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This was the first Moab trail I ran. Joe took me on it as sort of an "Intro to Moab" kind of run. It provides a little bit of everything that Moab has to offer for you Jeepers; ledges, slick rock, tight spots, rubble, and some GREAT views of the area. It also hooks to the Golden Spike trail which we played on for an hour or two. The trail is popular with both the 4 wheel vehicles as well as those on two wheels. A few motorcycles were on it and lots of mountain bikers where using it as well. Of course, there was no shortage of Jeeps. We were fortunate and didn't get behind any break downs or problem spots, so the day went very nicely and we were able to finish the trail and a couple of obstacles on the Gold Spike before calling it a long day.
Lady is making her way up the "Wedgie". A slip of the tire here will result in one of two things; a rollover or grinding sheet metal. One is more likely to slip the passenger tire off the rock. If so, the sheet metal on that side will be badly damaged. You can see that about a third of the front tire is actually in contact with the rock. The sidewalls take a lot of abuse as you work your way up this long obstacle. Keeping a steady right foot will help you get to the top, where you have a ledge to negotiate before you are in the clear.
This was the first slickrock decent I encountered. Yeah...it is pretty steep. Notice the fluid path going down the middle? We found lots and lots of these little "trails" all over Moab. Blown diffs, transmissions, and transfer cases are a fairly common occurrence....or, they just don't keep the lid screwed down tight on the bottle of gear lube!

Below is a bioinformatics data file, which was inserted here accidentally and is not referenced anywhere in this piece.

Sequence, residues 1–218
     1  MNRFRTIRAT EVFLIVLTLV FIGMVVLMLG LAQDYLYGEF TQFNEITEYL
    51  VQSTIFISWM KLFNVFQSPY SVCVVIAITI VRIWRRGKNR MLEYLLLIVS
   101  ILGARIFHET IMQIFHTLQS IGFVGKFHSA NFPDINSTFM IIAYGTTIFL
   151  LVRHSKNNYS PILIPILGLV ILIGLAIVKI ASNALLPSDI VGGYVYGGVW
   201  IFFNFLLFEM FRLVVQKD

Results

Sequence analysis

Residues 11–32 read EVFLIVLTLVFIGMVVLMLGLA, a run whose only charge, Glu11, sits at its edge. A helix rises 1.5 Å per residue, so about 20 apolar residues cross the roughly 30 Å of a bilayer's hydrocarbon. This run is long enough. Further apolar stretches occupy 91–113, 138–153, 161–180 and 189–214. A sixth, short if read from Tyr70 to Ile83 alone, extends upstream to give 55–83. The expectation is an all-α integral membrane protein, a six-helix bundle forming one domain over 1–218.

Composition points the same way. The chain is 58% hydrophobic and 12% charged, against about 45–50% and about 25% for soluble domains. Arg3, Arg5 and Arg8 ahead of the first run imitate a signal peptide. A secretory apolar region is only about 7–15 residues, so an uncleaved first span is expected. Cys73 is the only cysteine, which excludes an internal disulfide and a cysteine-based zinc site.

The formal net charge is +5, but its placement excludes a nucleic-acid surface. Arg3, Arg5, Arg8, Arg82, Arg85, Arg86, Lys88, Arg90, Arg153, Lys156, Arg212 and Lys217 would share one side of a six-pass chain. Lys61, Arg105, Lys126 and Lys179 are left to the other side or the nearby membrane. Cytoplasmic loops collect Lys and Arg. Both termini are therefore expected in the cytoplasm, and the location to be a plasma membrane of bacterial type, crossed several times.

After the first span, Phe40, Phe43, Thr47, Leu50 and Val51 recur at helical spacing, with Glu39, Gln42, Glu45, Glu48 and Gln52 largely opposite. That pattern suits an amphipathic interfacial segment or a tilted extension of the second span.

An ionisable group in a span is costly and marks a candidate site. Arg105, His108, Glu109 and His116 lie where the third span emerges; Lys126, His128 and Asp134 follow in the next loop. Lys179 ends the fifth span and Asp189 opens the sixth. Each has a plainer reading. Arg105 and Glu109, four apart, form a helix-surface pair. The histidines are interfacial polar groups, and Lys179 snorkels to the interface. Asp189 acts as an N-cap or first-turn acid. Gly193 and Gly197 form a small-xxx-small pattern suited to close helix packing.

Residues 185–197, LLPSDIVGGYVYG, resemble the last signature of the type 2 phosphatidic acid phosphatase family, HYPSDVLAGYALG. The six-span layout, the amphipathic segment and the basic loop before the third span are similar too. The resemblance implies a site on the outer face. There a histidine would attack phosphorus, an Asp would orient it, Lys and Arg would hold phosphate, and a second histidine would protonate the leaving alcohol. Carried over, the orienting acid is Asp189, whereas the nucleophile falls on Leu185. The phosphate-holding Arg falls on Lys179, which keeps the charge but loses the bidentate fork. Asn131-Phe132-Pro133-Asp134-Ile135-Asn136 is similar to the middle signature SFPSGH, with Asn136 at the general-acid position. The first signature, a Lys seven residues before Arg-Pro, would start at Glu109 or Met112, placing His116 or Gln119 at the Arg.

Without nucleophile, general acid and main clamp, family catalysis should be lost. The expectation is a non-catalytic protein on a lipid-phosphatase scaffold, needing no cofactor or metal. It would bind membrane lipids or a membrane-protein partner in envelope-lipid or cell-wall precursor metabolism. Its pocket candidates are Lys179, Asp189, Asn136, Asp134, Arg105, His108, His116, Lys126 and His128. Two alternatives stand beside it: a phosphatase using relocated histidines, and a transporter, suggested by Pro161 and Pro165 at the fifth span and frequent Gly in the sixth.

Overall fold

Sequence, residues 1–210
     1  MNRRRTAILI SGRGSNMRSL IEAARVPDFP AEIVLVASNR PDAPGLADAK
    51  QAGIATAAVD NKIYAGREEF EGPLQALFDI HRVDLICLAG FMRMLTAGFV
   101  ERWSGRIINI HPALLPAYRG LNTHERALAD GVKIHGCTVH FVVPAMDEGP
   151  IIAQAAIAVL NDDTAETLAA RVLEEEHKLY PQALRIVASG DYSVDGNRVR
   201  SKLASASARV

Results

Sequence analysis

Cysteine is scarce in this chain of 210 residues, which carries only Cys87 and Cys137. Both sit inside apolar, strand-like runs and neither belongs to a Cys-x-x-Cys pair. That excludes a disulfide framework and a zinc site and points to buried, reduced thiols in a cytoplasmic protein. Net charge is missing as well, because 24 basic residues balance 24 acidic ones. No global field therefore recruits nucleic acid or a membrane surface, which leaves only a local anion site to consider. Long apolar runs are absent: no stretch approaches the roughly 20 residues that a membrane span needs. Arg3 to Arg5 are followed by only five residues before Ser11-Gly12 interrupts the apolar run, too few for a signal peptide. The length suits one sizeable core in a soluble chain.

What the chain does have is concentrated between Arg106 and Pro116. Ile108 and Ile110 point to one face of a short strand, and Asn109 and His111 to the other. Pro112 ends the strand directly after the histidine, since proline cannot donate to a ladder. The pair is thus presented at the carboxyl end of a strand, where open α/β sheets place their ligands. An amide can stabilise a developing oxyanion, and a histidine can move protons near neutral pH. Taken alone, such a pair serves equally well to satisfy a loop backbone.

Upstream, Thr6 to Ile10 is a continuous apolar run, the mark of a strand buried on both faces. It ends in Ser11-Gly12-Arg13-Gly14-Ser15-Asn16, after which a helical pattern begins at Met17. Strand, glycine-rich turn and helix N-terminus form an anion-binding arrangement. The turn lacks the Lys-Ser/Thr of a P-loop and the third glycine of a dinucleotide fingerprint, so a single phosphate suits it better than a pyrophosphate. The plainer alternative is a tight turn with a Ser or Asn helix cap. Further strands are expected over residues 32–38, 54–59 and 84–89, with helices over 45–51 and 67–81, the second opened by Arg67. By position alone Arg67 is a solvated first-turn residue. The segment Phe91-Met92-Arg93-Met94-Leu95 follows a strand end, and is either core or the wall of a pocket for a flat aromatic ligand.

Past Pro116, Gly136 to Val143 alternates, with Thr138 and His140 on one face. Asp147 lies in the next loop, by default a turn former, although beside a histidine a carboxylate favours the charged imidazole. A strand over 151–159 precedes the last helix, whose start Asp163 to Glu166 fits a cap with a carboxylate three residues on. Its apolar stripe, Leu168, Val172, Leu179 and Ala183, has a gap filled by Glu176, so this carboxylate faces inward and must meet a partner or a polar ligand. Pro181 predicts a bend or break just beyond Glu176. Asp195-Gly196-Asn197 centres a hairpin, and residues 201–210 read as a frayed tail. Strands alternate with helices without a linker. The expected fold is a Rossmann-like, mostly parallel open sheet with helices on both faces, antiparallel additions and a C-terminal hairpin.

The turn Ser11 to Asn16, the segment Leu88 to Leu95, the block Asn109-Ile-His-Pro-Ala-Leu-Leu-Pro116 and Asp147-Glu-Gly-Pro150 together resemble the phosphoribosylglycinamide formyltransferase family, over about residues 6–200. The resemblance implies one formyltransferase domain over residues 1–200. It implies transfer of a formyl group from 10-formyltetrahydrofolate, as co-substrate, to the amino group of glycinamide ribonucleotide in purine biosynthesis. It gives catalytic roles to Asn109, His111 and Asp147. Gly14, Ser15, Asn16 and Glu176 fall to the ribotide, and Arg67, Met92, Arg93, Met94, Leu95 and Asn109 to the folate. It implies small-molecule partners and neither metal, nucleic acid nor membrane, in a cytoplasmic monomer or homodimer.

Many of the popular trails are marked with painted symbols on the slickrock. The Poison Spider Mesa trail uses a little Jeep, complete with a spare tire. The front of the Jeep points in the direction of the trail. It is extremely easy to get lost on the vast expanses of slickrock. If you get lost, retrace your track back to the last point and then explore on foot to find the trail. Staying on the designated trails is an important factor in helping keep our trails open and available for our use!
The above picture helps give you an idea of why you are standing on the floorboards when you come down a steep one. Notice the passenger side corner of the front bumper.....it is about 6" off of the ground. The bottom of my bumper is usually 22" above the ground, except when things get a bit steep, like here. Low gearing is a big advantage in these situations, as using the brakes often times causes the wheels to lock up which the prevents you from steering.
From the top of the mesa, you can see the Colorado River, the highway, and the start of the Moab Rim Trail, if you get lined up properly while looking through Little Arch. Moab Rim is rated a 4+ trail is judged as being the 3rd toughest trail that is run during the Annual Easter Jeep Safari. There are a couple of crosses below the cliffs (not visible in this picture) marking the locations where drivers have rolled high up on Moab Rim and dropped to their deaths.
Lady is coming down the "Wedgie" on the way back to camp. It had been a long day and I asked Joe to spot for me. He cried out, "Hold it right there....don't move!" I thought I was in a bad way, but then saw Joe running down to his Jeep and coming back with his camera. Boy, that was a relief! This was the best photo taken on the trail that day. A great shot to wrap up a most excellent day on Poison Spider Mesa!
Near the end of this trail, we took the cross-connect over to the Golden Spike trail and tried a couple of the obstacles there. You can see a few photos of this by clicking here.
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